Lewis Hamilton’s love affair with the Canadian Grand Prix continued on Sunday in Montreal as he stormed to a fourth victory at the Circuit Gilles Villeneuve, re-establishing his dominance over Mercedes teammate and title rival Nico Rosberg in the process.
That is if it was ever in question. In Spain, Hamilton was clearly second best, and his Monaco defeat was down to a frankly astonishing strategic error. Even then though, Rosberg admitted that Hamilton had been better and deserved the win. This time around, there was no stopping the Briton.
His victory was nothing too spectacular, but that is what was perhaps so good about it: it didn’t need to be. On the podium after the race, Rosberg explained how he was pushing like mad to try and catch Hamilton, lurking within two seconds of his teammate for much of the race.
Hamilton had plenty in reserve though. His challenge was to save fuel – no safety car meant the margins were very fine – whilst maintaining a pace to curb any threat from Rosberg. It was an exemplary display.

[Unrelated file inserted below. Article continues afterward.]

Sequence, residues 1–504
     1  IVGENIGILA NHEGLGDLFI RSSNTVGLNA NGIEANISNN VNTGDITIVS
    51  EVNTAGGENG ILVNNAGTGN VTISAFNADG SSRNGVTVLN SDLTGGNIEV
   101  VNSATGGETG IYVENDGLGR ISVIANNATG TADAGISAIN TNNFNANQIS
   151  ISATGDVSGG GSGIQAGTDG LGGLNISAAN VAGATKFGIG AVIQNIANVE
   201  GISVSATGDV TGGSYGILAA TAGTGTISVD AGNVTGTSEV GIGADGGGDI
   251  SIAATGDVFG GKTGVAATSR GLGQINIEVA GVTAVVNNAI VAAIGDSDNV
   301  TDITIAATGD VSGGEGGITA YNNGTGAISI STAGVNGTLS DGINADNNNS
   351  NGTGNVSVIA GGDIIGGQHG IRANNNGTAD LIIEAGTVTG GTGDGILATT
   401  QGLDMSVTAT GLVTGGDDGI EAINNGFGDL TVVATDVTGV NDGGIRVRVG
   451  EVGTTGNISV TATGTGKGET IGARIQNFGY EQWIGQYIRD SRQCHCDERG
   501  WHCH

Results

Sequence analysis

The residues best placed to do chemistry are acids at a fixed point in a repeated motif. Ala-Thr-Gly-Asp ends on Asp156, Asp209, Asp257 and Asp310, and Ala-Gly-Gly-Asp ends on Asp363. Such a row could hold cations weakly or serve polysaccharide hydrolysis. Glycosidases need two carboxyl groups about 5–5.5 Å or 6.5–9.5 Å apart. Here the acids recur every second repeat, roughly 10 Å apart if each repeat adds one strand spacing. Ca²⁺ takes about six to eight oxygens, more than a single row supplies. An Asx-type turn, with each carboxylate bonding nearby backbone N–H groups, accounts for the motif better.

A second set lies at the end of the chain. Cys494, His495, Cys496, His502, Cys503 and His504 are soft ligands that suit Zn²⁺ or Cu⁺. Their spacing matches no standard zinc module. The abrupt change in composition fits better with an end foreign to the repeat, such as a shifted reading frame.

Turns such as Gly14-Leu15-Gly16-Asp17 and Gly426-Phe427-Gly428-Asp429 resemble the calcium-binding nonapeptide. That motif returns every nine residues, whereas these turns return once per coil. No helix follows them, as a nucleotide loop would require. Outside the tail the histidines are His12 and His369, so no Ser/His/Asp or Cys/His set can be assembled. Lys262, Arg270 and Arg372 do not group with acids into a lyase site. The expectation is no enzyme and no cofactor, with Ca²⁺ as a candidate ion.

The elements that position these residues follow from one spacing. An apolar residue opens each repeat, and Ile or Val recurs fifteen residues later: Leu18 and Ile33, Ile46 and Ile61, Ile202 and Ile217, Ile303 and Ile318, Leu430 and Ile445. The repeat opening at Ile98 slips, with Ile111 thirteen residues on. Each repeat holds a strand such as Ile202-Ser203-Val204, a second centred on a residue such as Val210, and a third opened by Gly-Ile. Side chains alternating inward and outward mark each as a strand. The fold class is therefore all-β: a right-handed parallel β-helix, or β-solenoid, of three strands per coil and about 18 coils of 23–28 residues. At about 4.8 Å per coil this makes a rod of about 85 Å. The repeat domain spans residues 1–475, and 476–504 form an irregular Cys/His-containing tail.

And one that, as he admitted himself, was dearly needed. The defeat in Monaco and the fall-out from the result will undoubtedly have been playing on the Briton’s mind on race day, even if he claimed otherwise. What he needed was a run-of-the-mill race: no safety cars, no drama, just a simple Sunday drive.
It all went according to plan on that front. Hamilton didn’t need to put his race in the hands of his team or make any big strategic calls himself. All he had to do was control the race from the front.
Rosberg made an interesting claim on the podium after the race, saying that qualifying was the decisive factor in his defeat, suggesting he had the race to dominate like Hamilton did had he started on pole. Yet again though, the German didn’t really get close to winning the race, nor did he ever look capable of making a pass. When was the last time Rosberg passed and beat Hamilton in a straight fight?
Montreal brings out the very best in Lewis Hamilton. He won his first race back here in 2007, and is now a four-time winner at the Circuit Gilles Villeneuve. Michael Schumacher’s record of seven Canadian Grand Prix wins is surely going to come under threat in years to come.